International visitors study concept of 2-year college, how it works with community

International+visitors+at+ACC.

Image via Courtesy ACC Office of College Communications

International visitors at ACC.

Geraldine Smith, Arapahoe Pinnacle Editor

International visitors were on the ACC campus in October, but were not the customary exchange students soaking up the culture of an American college.

The community college experience was of special interest to them, said Business faculty member Susan Kendall.

“The two-year community college is not a format they understand,” Kendall said.

Education differs from country to country, but the usual path to higher education is a direct route from high school to a four-year university. Students graduating from a two-year educational program with marketable credentials or credits to transfer to a four-year institution is a foreign concept.

In most cases, higher education is available only to those who pass a college entrance exam immediately after high school.

The ACC Business Department and Automotive Service Technology Program hosted the 18 “ambassadors” from 17 countries on Oct. 9. These international visitors were sponsored by the U.S. Department of State’s International Visitor Leadership Program (IVLP), a local non-profit organization promoting global awareness, WorldDenver, and the ACC Foundation.

Visitors in IVLP exchange program are leaders chosen by their embassies. They travel to the United States to tour areas according to their professional interests and each one’s country’s needs. The ACC visitors ranged from a member of the Estonian Parliament to the president of the Women Business Association of Cantabria. Most are in the United States to meet with American counterparts to observe successful programs in an effort to create or improve similar programs at home. They were in the United States to observe the advantages of the marriage of educational institutions and the business community.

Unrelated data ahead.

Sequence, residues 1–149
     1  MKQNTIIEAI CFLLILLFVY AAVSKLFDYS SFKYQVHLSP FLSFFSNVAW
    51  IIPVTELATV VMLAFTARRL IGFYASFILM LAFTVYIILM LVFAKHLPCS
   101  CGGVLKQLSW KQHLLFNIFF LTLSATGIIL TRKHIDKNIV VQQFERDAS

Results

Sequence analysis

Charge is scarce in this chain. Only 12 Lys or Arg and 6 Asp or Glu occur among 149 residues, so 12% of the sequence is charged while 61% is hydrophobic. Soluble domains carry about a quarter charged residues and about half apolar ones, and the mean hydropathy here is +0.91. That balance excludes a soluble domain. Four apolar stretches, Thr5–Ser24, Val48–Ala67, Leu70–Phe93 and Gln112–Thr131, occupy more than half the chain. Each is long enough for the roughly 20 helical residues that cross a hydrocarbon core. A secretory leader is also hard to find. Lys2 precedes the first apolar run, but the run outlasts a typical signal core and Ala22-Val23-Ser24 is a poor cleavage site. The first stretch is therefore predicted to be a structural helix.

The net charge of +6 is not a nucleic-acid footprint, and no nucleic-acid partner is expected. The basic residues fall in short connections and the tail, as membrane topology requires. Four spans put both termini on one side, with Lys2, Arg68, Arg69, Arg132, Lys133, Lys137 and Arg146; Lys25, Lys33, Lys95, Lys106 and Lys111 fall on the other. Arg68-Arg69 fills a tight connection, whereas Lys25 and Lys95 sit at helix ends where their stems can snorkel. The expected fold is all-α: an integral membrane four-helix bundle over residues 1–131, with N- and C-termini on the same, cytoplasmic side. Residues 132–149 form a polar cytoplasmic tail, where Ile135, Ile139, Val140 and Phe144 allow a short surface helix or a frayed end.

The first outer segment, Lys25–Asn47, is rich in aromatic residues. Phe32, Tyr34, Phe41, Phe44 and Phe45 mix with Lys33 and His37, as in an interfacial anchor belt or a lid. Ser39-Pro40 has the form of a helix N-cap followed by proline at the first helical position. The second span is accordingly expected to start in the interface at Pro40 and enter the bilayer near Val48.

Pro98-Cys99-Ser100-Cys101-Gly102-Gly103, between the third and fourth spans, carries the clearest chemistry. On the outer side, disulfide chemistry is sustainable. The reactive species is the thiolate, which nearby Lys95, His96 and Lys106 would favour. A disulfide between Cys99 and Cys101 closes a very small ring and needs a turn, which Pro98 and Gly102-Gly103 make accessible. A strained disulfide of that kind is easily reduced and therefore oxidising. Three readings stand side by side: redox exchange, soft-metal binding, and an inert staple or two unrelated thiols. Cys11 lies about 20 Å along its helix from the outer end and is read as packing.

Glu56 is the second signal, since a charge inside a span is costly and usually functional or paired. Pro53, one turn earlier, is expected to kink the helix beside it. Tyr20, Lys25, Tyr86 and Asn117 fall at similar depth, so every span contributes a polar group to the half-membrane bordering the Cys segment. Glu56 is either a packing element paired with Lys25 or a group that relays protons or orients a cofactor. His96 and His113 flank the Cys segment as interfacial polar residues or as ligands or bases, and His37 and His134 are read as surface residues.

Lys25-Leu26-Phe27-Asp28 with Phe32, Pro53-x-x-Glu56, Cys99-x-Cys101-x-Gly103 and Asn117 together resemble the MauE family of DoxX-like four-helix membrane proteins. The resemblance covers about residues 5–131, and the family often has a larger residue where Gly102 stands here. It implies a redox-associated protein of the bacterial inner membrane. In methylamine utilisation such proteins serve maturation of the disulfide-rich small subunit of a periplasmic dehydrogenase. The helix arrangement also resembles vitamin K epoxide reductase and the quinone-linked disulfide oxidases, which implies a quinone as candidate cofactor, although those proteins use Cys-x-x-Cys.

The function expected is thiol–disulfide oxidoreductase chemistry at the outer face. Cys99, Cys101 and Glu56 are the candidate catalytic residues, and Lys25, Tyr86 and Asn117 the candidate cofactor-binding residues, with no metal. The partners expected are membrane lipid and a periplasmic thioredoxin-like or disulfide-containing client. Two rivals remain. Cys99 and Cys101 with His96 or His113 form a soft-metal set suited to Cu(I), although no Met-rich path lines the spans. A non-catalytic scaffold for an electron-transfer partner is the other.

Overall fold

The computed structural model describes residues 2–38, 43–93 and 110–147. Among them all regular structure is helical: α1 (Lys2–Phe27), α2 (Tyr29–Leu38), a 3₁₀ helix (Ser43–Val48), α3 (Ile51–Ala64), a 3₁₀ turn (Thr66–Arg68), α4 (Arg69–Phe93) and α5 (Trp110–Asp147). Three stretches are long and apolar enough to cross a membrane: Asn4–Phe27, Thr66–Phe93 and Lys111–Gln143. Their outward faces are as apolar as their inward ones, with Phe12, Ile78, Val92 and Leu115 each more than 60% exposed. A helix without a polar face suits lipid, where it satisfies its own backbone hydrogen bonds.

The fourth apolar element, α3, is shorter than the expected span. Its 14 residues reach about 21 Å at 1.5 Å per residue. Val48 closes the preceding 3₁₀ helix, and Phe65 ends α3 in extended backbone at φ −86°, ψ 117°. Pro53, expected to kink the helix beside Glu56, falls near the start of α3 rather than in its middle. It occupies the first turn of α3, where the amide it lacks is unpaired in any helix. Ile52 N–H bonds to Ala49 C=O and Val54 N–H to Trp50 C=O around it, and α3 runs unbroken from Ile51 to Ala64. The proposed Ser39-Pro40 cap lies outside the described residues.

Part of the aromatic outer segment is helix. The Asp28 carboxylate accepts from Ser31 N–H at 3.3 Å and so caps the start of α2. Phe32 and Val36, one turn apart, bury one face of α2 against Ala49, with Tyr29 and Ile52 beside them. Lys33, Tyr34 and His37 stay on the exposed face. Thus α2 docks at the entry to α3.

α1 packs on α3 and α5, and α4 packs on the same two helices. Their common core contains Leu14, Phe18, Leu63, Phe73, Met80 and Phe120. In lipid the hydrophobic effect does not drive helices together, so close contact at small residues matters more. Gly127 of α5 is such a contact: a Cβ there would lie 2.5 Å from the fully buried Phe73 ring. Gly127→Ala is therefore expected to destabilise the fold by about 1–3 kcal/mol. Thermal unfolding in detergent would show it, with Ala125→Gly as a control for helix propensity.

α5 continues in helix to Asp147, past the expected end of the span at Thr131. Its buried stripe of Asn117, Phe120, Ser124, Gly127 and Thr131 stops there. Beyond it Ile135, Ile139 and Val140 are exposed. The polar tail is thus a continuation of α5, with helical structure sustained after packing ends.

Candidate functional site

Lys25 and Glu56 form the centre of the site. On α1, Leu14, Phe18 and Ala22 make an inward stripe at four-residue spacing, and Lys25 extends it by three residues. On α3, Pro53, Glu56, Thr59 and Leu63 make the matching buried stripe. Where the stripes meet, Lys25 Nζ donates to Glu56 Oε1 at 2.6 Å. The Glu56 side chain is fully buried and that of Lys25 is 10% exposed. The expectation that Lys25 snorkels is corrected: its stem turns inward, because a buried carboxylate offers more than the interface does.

During the visit, ACC leaders in the Business program and the Automotive Tech program (study to work) stressed the importance of collaboration between education and business and how it happens. ACC’s Business Advisory Board, comprised of community and business leaders, offers valuable advice for college administrators sculpting curricula for degrees that will graduate capable individuals with the necessary skills to succeed in the business world.

“We examine issues from businesses and build [curriculum] from that input,” Kendall said.

The automotive program also relies on an advisory board for insight into the industry’s needs. In fact, the ACC Auto Tech program was recognized by the Association for Career and Technical Education in 2015 for working with an industry advisory committee to develop programs that are relevant and use hands-on-learning with state-of-the-art automobiles and tools.

Beyond advising, the car industry, including local dealerships, contributes generously to the automotive program by donating cars, equipment and money to provide students with the resources to succeed.

The business community benefits from the carefully constructed educational programs. Also, ACC gives back in ways other than producing a skilled workforce.

Business faculty member Denise Lefort and her computer-savvy business students spend time creating websites for minority entrepreneurs as a way of supporting a community that supports ACC.

“The takeaway was how unique Arapahoe Community College is and how many successful programs we had in place to present to the international visitors,” Kendall said.